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WHAT IS (SHOULD BE) COPTIC ART?

February 10, 2014

The German Klaus Wessel in his book Koptische Kunst: Die Spätantike in Ägypten (1963)[1] and the French Pierre Du Bourguet[2] in his book L’Art Copte (1964)[3] may argue what Coptic art is, but they fight on Coptic work in the past. It remains for us to decide what Coptic art is now.

The minimum requirement in my opinion for a definition of a Coptic art is that it is produced by a Copt – somebody who sees himself as a Copt and defines himself or herself as a Copt; i.e. Christian of Egyptian origin.[4] But is that sufficient? Can any artistic work produced by a Copt qualify for being Coptic? Aren’t the subject and style of visual art important? Here, I use ‘subject’ to mean a representation or reflection of Coptic reality in its various manifestations, either directly, as in a mirror, or filtered through the feelings and emotions of the artist. By ‘style’, I mean the neo-Coptic iconographic style, which we seem to have adopted as the Coptic style.

If we survey the works of modern Coptic artists we can classify them into three broad groups:

1.  Work produced by a Copt with Coptic subject and style: the great Coptic iconographer, Professor Isaac Fanous Yossef (1919 – 2007), is the most famous artist in this category. He works on religious subjects, and he defined for us the neo-iconographic style, which is followed by his disciples. One example is his Last Supper icon.
Last supper, Isaac FanousThe Last Supper by Isaac Fanous

2.  Work produced by a Copt with Coptic style but no Coptic subject: here I put most of the work of Guirguis Lotfi (b. 1955).[5]One example is El Kabissa.
El Kabissa, 2009 El Kabissa by Guirguis Lutfi (2009)

3.  Work produced by a Copt but with no Coptic subject or style: work by Sobhy Guirguis (1929 – 2013) is perhaps the best representative of this group. An example is reproduced below.

 sobhy guirguisArtwork by Sobhy Guirguis

To my knowledge, work produced by Copts, using Coptic subjects but no neo-iconographic style, are mostly undertaken by amateurs.

I have observations on the three categories above, which I share with my reader, but with due respect to the brilliance of the Coptic artists mentioned above (whose work is beautiful at any case). Nothing in the work of Sobhy Guirguis can tell the viewer or critic that it is Coptic: the subjects and style are all “foreign”. But even when Guirguis Lotfi uses the neo-Coptic iconographic style in his work, he rarely depicts Coptic life or reality – his Coptic style is used as a stamp only, as a signiture. Ishak Fanous’ work seems to be the more accomplished from a Coptic point of view – he, however, restrict himself in the straitjacket of the neo-Coptic iconographic style and confines himself to the religious only.

I must say, after having recognised the great artistic talent of all modern Coptic artists, that I do believe that Coptic art in Late Antiquity and the Middle-Ages was much freer, more vibrant, colourful, richer and full of vitality, life and colour.[6] Even its subject matter was more encompassing: there were not just religious figures, but portraits of laity, warriors, dancers, animals, birds, plants, etc. The style was particularly freer – what made it Coptic was not any stiff style which often does not relate to reality but the intensity by which it reflects the reality of Coptic men, women and environment.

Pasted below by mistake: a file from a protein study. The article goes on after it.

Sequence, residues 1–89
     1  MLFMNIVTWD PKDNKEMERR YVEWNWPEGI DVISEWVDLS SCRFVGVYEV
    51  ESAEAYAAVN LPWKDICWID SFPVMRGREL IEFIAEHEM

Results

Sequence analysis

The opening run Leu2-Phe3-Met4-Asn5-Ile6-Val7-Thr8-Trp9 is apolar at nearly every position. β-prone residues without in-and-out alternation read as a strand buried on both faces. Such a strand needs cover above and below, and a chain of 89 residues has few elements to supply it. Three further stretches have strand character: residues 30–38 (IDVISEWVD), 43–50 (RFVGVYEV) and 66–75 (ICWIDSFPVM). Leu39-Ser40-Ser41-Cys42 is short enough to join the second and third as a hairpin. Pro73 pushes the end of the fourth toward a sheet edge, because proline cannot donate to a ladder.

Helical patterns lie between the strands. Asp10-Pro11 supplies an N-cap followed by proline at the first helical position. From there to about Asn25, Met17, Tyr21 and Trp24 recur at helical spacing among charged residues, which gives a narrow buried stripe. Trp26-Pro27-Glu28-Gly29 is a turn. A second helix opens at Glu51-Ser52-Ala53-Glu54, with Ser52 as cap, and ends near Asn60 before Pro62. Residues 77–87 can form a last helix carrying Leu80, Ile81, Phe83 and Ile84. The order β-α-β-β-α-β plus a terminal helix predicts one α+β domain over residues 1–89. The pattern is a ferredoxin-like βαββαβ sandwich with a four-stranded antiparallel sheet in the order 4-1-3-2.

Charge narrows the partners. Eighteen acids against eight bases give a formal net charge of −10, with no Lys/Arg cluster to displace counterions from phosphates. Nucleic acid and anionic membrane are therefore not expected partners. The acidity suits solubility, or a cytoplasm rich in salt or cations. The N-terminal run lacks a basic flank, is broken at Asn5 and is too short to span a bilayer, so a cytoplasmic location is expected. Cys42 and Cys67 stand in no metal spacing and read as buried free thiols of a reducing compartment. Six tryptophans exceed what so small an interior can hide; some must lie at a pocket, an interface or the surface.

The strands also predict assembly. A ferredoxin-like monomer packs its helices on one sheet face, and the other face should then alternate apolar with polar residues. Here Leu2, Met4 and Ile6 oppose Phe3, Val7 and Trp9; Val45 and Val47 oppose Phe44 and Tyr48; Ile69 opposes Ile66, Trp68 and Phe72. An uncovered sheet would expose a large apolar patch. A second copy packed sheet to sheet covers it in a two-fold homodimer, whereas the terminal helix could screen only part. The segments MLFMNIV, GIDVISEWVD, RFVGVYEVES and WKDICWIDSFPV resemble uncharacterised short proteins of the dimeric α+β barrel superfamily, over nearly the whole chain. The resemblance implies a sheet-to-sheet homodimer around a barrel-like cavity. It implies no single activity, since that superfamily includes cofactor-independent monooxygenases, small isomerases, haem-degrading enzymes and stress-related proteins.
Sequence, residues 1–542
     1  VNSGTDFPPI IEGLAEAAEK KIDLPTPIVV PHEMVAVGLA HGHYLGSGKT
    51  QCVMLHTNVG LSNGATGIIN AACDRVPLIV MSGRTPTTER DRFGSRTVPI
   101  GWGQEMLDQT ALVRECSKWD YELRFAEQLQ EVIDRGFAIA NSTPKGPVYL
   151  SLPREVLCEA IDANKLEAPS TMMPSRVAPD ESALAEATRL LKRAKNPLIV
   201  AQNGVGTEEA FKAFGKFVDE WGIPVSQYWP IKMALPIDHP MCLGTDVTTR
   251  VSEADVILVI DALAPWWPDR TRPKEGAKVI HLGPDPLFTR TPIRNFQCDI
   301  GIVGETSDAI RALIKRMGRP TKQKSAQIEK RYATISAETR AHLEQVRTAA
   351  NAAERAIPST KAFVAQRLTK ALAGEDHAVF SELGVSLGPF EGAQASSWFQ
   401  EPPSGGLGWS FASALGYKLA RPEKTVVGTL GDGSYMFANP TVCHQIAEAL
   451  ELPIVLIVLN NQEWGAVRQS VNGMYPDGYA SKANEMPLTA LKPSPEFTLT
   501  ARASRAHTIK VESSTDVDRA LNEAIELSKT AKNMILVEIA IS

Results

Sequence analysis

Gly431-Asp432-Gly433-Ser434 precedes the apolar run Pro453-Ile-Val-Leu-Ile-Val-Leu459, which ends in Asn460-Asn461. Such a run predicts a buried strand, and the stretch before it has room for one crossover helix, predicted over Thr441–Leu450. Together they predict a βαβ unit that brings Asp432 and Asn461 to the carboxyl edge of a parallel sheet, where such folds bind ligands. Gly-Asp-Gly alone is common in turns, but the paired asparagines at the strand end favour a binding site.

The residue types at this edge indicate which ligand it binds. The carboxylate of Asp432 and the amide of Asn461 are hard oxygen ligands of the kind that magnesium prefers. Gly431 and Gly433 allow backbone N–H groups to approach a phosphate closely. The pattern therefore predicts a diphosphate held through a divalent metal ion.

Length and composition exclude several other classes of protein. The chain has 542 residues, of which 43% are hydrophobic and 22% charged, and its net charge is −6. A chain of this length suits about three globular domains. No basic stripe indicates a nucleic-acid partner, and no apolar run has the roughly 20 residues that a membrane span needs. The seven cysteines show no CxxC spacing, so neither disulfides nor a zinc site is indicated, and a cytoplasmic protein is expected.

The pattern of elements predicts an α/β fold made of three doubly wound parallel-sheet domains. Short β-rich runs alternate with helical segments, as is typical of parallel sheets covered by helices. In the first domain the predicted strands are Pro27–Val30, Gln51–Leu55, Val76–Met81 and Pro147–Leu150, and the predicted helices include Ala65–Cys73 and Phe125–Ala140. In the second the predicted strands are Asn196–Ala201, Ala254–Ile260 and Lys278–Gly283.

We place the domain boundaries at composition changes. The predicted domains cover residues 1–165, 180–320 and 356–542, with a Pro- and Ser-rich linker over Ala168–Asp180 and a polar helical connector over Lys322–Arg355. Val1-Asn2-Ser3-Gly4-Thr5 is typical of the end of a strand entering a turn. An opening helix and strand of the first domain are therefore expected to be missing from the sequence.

Coptic art must be produced by a Copt – that is, as we have discussed, the minimum requirement. But for an artwork to qualify even more, in my opinion, for the appendage ‘Coptic art’, it must reflect Coptic reality and life, directly or indirectly, in all its manifestations, and must not restrict itself to the religious subject matter or to the neo-iconography style.

Coptic art, like Coptic literature, must not rebel against the religious and sacrosanct, as these are important and essential parts of Coptic reality; however, it must widen its horizons and scope, to include the earthly and mundane. It must reflect all aspects of Coptic life, at church, monastery, convent, home, factory, farm, school, university, play, pastime, relationships, and the Coptic environment. Further, it must experiment with all forms of artistic styles.

In conclusion, I think Coptic art should be defined, at a basic level, as art produced by Copts, and, at a higher level, as art reflecting Coptic reality. The style must not be restricted to the neo-iconographic.

 

See also, Again: What is Coptic Art? here.


[1] Coptic Art by Klaus Wessel; translated by Jean Carroll and Sheila Hatton (London, Thames and Hudson, 1965).

[2] Pierre Du Bourguet (1910-1988) was a French Jesuit archaeologist, Egyptologist and historian of early Christian, Byzantine and Coptic art. He was chief curator at the Louvre (Musée du Louvre).

[3] Coptic Art by Pierre du Bourguet; translated by Caryll Hay-Shaw (London, Methuen, 1971). For more on this book, go here.

[4] This is not to undermine the quality or importance of artistic work done by non-Copts but with Coptic style +/- subject, such as the great work done by the French artist, Dr Stéphane René.

[5] I must emphasise that this does not mean criticism of Guirguis Lutfi, a wonderful, innovative artist. It must be borne in mind, too, that some of his work has Coptic subject, such as the brilliant, La Sainte Famille, 2012, and Palm Sunday (2008).

[6] See, e.g., the murals at the Monastery of Saint Anthony, here, and at the Monastery of Saint Apollo, here.

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